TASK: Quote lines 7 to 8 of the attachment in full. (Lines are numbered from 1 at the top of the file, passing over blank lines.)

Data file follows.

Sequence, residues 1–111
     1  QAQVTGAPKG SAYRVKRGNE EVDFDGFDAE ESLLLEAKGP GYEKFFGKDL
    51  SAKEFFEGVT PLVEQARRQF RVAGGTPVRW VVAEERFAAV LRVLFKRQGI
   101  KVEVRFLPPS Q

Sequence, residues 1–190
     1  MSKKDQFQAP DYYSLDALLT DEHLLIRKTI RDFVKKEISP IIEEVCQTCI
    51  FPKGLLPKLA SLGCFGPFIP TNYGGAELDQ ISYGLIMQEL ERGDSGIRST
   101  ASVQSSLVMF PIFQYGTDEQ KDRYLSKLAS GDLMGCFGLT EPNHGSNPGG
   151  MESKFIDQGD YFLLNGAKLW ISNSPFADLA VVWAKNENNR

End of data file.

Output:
    51  FPKGLLPKLA SLGCFGPFIP TNYGGAELDQ ISYGLIMQEL ERGDSGIRST
   101  ASVQSSLVMF PIFQYGTDEQ KDRYLSKLAS GDLMGCFGLT EPNHGSNPGG